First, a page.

As more protected lands are illegally encroached on by humans and forests are cut down, elephants are forced to wander into nearby villages in search of food and water.
But they are not welcomed by locals.
Recently, a pregnant elephant wandered into a village in India looking for food but was fed a pineapple filled with explosives. Following this horrific incident, one man in Bihar, India, is proving there is a way to coexist and taking steps to make sure his beloved elephants are cared for after he passes.
Animal lover and chief of the Asian Elephant Rehabilitation and Wildlife Animal Trust (AERAWAT), Mohammad Akhtar, has spent his entire life surrounded by elephants and views them as family. Moti and Rani, age 20 and 15 years old, currently live with Akhtar on his land where they roam free.
He told India Times, “I have lived with them since my childhood. The two are my family members.”
With the increasing hostility towards elephants, Akhtar made sure his beloved elephants would be cared for by leaving most of his land to them.
“I gave my 6.25-acre land to the two elephants to ensure that when I am not alive, the animals do not suffer hunger,” he said.
It’s the least he can do since he credits the elephants with saving his life.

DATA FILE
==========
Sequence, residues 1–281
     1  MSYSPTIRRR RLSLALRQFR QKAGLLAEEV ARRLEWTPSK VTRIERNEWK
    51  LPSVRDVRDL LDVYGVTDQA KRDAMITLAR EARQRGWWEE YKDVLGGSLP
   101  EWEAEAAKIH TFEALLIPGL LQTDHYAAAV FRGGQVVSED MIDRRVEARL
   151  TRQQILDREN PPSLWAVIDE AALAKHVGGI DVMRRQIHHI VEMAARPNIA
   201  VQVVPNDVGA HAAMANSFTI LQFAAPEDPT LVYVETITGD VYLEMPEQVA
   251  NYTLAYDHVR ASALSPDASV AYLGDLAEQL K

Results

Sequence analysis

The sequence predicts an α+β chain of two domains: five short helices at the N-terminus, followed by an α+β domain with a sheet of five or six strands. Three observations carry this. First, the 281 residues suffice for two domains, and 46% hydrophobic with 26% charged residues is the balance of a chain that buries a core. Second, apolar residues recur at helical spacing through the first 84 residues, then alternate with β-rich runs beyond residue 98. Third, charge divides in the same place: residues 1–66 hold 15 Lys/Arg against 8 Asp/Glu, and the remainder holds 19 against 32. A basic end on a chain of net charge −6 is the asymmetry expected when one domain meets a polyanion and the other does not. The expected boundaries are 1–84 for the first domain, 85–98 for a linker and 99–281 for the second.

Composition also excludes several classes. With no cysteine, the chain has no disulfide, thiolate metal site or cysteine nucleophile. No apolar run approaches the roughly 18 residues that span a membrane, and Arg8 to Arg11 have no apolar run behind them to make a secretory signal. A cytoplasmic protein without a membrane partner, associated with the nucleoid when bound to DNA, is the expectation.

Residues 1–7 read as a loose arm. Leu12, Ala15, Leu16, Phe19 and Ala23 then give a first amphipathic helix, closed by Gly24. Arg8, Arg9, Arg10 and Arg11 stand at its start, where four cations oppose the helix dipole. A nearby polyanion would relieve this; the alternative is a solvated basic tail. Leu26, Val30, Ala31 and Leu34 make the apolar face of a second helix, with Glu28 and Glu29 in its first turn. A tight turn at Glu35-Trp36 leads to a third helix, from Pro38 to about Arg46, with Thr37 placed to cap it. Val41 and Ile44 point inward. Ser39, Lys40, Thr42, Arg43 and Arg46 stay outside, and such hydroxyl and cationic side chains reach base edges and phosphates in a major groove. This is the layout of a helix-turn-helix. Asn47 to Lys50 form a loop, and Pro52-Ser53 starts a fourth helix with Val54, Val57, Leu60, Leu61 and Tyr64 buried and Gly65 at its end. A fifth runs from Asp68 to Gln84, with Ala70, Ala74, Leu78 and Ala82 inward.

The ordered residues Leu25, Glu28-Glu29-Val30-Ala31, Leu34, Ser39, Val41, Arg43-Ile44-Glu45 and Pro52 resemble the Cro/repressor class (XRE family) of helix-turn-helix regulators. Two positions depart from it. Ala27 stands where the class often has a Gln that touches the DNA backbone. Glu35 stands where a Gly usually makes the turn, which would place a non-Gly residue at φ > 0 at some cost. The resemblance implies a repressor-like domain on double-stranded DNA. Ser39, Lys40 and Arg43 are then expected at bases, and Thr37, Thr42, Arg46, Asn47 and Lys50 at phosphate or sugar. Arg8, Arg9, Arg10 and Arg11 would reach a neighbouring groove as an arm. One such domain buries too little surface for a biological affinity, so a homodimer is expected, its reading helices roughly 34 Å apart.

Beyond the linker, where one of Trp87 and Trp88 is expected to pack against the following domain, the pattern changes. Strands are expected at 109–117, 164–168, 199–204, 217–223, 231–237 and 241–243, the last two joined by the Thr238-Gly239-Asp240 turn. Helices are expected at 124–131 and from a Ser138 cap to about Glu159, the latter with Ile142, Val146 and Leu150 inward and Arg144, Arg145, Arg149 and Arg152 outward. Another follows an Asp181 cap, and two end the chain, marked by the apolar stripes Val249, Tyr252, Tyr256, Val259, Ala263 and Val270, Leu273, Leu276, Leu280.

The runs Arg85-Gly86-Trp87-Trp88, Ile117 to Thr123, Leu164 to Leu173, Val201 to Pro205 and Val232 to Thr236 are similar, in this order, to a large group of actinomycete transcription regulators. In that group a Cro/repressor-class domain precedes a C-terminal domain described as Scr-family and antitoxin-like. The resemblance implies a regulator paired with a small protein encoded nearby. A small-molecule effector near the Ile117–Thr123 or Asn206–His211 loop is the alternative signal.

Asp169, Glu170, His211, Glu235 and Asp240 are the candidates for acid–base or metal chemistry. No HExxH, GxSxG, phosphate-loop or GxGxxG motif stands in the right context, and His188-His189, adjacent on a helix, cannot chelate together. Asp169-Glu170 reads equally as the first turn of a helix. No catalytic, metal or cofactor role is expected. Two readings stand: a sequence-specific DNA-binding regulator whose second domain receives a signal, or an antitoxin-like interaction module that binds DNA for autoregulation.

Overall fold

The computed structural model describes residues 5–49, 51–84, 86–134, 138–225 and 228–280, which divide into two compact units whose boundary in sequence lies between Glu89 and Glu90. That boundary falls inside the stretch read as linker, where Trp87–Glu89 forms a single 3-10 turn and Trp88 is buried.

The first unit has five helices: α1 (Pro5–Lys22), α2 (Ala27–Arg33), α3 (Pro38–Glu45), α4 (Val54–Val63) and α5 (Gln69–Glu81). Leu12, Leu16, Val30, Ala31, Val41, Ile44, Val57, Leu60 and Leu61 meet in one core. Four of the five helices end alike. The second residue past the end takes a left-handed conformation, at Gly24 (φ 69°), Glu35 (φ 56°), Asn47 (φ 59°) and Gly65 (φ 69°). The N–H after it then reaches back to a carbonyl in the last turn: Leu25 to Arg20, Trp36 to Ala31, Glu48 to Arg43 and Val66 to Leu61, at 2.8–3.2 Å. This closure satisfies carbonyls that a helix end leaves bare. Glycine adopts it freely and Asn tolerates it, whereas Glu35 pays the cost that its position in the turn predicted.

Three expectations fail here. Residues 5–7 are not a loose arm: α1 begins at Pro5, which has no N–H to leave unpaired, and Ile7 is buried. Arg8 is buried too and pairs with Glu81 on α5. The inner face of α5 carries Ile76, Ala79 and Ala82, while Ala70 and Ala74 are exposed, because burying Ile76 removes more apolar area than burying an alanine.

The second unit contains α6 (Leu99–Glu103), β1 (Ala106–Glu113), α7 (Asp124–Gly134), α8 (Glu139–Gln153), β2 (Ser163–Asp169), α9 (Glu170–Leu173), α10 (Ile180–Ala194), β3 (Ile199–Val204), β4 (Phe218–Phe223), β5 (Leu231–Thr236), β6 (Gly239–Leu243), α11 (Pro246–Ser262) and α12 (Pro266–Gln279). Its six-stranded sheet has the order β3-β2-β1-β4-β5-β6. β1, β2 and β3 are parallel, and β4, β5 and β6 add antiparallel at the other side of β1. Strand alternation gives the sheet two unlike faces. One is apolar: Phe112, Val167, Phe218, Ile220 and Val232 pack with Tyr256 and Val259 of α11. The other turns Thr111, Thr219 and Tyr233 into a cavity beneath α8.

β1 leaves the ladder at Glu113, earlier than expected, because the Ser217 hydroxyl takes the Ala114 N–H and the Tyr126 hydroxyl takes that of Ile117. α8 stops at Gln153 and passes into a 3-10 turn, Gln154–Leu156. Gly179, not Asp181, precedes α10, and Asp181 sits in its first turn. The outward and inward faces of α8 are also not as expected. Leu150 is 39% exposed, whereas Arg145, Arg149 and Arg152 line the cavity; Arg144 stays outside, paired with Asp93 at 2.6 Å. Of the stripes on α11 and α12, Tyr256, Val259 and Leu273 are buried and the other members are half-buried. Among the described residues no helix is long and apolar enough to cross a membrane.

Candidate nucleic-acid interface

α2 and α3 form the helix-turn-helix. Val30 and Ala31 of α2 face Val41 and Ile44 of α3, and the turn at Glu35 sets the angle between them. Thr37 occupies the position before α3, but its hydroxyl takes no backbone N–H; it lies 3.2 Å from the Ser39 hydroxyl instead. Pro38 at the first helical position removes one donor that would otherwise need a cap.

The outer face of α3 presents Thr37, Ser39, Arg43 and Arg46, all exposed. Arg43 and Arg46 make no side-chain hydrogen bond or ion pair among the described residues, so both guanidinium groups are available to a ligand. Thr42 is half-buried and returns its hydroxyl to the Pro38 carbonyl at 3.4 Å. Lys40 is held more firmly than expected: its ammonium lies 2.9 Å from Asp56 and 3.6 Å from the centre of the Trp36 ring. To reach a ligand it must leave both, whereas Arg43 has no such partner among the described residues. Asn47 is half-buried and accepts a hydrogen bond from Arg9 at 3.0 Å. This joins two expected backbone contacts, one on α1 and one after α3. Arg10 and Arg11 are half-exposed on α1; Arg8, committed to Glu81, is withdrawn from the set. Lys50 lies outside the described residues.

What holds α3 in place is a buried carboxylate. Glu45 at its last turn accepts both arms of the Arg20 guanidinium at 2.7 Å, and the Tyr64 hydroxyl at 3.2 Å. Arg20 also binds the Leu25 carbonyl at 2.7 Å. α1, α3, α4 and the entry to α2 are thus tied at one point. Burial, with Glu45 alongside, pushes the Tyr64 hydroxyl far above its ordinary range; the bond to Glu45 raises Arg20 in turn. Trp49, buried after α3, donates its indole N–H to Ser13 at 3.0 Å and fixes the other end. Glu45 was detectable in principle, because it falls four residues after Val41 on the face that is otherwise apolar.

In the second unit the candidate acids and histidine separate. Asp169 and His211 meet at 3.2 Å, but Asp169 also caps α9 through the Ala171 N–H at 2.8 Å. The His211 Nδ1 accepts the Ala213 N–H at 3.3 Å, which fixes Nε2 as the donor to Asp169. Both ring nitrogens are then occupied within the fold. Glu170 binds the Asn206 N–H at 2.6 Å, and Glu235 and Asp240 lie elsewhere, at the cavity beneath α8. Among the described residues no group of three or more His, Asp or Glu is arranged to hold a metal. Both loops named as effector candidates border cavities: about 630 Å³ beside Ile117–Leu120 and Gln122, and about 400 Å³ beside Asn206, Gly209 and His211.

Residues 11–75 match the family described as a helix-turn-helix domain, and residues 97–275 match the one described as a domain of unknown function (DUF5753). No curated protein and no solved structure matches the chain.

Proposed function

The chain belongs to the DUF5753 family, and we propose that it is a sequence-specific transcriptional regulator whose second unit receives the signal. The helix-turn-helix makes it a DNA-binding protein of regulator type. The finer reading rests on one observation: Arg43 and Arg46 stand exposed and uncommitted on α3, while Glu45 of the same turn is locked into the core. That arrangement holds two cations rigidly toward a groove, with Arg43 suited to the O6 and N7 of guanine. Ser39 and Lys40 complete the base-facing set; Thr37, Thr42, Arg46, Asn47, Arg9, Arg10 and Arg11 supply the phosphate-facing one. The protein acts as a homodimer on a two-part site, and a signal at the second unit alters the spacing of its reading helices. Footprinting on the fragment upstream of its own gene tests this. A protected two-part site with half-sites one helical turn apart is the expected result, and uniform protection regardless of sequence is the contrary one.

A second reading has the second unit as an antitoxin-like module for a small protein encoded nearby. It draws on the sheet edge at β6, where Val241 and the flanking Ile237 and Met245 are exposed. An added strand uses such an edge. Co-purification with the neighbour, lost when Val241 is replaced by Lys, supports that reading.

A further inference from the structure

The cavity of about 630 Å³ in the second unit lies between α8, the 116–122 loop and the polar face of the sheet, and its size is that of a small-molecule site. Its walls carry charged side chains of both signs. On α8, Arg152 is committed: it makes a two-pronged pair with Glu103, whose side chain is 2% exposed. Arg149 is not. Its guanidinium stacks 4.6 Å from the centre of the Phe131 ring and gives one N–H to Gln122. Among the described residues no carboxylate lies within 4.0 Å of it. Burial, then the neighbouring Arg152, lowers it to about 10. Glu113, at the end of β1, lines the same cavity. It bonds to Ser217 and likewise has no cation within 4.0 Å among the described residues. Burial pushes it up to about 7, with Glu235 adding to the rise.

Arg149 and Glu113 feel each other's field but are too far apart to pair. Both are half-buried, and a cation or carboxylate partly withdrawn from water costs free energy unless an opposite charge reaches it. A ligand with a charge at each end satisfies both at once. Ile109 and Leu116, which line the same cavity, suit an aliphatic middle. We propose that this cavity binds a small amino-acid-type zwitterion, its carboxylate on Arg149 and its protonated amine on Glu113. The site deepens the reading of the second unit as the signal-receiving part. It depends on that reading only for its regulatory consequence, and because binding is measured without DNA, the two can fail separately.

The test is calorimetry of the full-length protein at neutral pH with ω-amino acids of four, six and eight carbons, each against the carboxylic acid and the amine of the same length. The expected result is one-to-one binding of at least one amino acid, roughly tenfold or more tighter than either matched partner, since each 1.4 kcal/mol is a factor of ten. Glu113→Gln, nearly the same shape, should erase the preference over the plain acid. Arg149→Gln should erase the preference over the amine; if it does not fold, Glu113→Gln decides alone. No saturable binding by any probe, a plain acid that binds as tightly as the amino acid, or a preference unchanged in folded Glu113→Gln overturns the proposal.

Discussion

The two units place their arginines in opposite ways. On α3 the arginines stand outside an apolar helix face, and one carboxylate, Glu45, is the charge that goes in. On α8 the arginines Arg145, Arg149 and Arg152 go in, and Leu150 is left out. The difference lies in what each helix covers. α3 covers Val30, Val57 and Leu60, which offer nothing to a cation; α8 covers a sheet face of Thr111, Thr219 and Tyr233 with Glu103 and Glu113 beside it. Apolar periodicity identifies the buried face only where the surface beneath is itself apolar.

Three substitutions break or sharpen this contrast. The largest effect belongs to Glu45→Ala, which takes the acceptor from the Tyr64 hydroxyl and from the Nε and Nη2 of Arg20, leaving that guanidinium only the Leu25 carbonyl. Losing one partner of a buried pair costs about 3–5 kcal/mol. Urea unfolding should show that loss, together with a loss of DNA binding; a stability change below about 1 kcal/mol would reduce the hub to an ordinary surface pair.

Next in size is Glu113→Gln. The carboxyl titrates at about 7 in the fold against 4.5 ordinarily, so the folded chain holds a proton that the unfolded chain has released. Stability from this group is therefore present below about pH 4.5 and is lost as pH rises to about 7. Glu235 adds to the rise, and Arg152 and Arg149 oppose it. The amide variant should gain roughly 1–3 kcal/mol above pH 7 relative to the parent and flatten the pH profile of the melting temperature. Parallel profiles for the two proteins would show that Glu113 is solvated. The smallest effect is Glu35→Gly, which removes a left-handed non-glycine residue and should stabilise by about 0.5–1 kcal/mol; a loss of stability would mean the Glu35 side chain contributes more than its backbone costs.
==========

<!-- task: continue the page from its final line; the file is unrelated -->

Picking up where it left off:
“When I opened my door to see why the elephants were trumpeting, I saw they were chasing criminals nearby,” he said. “I am alive due to my elephants who had worked like bodyguards to me.”
Unlike some other locals, Akhtar loves elephants and will continue to advocate and protect them.
Although his family may not agree with his decision to will most of his property to the elephants, Akhtar told AFP, “I don’t want my elephants to face the fate of orphaned or abandoned captive elephants who die on the streets or in deserted fields due to lack of proper care.”
Bihar: Akhtar Imam, an animal lover from Patna, gives his entire property to his two elephants Moti & Rani. He says, “Animals are faithful, unlike humans. I’ve worked for the conservation of elephants for many years. I don’t want that after my death my elephants are orphaned”. pic.twitter.com/W64jYsED33
— ANI (@ANI) June 10, 2020
Indian elephants are an endangered species and may soon be extinct, if the government doesn’t step up to protect them. Akhtar agrees that something must be done to preserve the species or “the time is not far when we would see the elephant only in books.”
Andrea Powell is an animal enthusiast that resides in West Michigan. When not writing, she is exploring the great outdoors with her dogs and horses.
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